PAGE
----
Paula was the one that conversed with me the most out of the pair. She always kept me updated about what was going on at her workplace or at the house. Whenever the family was going anywhere, including their yearly vacation to Pennsylvania, she always asked me if I wanted to go. When she would do the weekly grocery shopping every Friday, I would bike the 50 minutes or so (twice in pouring rain) just to go shopping with her simply because I felt like it. It was times like these that I felt like a member of their family.

James represented the ideal father to me and one I have and always will compare to my own. I like James, whom I called “Big Jim,” because he didn’t demand that you respect him, he simply respected you and by doing so deserved that respect in return, which I gave him. After I would get home from school and he got home from work, we would frequently go into the basement and work on various things. The major project that we worked on was fixing up what are called “reels.” These are machines that are attached to mowers and allow the grass on golf courses to be cut very small. Every year, a friend of his that did this type of work allowed Big Jim to fix up all of his reels and then paid him for doing so.

I was very accepting when James asked me to help him with this work and he would pay me for doing so. I can remember to this day sitting in the basement after doing a day’s work and waiting for dinner and thinking to myself “I have waited 19 years to do this kind of stuff.” I truly had not had such a bond with a father figure, not even my own, ever.

There was always work to be done around the Holmes residence, whether it was indoors or outdoors. It might have been the dishes needing to be cleaned off and put into the dishwasher or it could have been mowing the lawn. Regardless of the type of work, I enjoyed doing those chores. I never once objected to helping and most of the time I started doing something without ever being asked to. I knew that I was not going to be lazy around the house from the beginning. After all, these two people had welcomed me into their home without demanding a dime and I wanted to show my gratitude by being treated exactly like their own children when it came to chores and work.  I never wanted to be treated special or as an outsider, and I never was.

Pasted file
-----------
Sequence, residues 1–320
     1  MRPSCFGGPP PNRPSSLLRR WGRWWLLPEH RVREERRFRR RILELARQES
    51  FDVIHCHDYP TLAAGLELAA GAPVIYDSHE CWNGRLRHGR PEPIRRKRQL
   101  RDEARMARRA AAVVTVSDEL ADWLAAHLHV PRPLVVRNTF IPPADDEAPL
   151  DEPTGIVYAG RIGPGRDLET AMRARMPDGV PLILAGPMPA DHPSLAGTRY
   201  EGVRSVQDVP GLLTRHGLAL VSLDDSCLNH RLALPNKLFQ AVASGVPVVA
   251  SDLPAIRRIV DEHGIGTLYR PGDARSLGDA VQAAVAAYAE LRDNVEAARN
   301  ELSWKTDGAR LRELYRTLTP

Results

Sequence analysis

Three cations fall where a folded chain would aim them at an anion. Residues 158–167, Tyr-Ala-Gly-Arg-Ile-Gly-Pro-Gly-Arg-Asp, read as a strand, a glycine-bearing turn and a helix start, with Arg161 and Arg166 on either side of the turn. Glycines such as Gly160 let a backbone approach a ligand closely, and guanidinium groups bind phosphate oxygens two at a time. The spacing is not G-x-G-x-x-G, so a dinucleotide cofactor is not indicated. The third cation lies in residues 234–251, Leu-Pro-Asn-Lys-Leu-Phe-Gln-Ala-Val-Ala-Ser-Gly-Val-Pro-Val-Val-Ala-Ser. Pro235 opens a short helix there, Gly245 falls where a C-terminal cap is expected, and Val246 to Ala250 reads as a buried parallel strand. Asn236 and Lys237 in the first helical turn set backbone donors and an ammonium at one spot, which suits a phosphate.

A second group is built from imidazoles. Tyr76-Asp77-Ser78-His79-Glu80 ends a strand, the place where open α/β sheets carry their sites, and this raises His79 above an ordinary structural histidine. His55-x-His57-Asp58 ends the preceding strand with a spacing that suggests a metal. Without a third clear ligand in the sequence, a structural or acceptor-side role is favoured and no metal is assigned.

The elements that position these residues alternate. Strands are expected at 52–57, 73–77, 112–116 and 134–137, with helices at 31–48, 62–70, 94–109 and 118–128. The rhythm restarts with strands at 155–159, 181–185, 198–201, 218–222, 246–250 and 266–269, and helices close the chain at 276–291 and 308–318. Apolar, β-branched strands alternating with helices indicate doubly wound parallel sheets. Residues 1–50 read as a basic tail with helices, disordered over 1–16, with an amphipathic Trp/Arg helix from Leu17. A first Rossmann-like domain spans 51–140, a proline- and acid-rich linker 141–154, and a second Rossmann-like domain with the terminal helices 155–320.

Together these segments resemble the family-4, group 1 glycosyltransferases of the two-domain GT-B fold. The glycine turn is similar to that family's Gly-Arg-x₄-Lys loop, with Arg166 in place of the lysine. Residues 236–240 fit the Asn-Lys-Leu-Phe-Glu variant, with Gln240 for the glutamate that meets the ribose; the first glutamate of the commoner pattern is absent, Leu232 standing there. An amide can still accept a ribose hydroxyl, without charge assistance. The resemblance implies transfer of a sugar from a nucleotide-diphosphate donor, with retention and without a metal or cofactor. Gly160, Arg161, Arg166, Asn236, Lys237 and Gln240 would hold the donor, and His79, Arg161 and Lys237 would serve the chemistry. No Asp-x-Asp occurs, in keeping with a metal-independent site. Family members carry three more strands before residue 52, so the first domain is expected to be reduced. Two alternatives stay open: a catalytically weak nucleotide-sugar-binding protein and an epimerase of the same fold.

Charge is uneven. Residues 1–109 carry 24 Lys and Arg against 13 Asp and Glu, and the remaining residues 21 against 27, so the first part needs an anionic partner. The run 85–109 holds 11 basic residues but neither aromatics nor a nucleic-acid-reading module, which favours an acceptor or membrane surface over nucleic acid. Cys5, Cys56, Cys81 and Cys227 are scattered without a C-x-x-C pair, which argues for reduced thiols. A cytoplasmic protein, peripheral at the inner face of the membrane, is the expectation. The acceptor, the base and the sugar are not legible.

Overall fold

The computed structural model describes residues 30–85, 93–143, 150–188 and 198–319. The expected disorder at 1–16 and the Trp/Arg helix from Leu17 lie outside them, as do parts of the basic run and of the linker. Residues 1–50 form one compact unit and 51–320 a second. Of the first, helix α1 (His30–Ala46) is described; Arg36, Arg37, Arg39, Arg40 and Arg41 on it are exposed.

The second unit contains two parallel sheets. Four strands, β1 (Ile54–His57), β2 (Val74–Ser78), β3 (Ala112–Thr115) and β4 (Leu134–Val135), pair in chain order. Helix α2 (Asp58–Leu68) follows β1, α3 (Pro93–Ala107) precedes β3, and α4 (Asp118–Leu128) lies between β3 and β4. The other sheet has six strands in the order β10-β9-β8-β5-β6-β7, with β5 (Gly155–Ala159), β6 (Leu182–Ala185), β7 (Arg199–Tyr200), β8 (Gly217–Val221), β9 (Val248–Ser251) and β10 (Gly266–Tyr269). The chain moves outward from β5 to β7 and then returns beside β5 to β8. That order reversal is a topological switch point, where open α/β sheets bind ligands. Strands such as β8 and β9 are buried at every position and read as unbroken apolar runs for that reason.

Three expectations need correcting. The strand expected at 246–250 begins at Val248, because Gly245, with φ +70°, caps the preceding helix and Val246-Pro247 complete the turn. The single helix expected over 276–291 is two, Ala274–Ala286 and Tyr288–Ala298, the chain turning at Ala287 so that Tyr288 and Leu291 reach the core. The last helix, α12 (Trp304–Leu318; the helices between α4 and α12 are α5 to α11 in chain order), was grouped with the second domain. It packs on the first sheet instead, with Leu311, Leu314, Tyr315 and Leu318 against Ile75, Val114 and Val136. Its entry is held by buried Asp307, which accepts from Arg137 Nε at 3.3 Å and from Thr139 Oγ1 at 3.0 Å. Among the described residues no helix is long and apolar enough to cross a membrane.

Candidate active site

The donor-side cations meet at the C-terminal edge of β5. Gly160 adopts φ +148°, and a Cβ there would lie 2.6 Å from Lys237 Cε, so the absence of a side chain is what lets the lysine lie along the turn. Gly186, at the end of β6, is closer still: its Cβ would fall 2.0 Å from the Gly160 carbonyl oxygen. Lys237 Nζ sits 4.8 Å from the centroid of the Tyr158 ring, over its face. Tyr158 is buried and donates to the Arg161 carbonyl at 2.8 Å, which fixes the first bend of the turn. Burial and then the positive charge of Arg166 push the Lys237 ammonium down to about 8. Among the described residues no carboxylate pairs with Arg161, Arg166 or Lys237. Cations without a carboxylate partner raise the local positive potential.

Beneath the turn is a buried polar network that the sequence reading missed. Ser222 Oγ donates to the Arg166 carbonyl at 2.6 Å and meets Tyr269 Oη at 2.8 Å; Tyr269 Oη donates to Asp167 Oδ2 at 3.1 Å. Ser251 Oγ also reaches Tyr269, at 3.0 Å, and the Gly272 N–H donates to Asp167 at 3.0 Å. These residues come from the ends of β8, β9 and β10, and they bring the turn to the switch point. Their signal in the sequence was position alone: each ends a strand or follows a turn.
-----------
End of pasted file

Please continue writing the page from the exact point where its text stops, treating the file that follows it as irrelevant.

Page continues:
To this day, I still consider James and Paula to be my parents. It is obvious that they are not this way in a biological sense but when it came to the roles parents play and the support that they provide, they are my parents in every sense of the word. Their home provided the sanctity that I always longed for (proven to be true most notably one spring afternoon when I was around 15 or 16 when my father and I had argued and I walked out of the house, essentially “running away from home,” and walked 2 hours to their house because it seemed like the right place to go) and I am thankful for that. Thinking back, I am not sure there is a way to fully thank the Holmes’ for what they have given me, both in terms of a home and the parental relationship. I can only hope that this piece and the way that I act today are a small testament of their affect on me.

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6. Nick Pfister


Nick and I went to the same high school but never spoke, not even once, throughout those years. It was our choice to both go to Dutchess Community College that created this bond.

Our first talk wasn’t even a conversation. Nick and I passed each other in Washington Hall at Dutchess and he asked me where the Student Services Center was, and I directed him to it. That was all. Contact online and in person when we saw each other at school followed, and this friendship was born.

The best times came when we actually carpooled to school in the Spring of 2008. It was the most basic things that made that semester enjoyable. The car ride to and from school was the highlight. It usually consisted of blasting Kid Rock and making sure to stop at Dunkin’ Donuts for a couple of chocolate donuts.

The significance of Nick’s friendship isn’t an easy one to write about, due to it’s -you have to have been there- type feeling. I do thank him for the rides he provided to school and his generosity when I lacked money for breakfast. It also helps to be one of the close friends I still have contact with to this day, as many on this countdown have faded.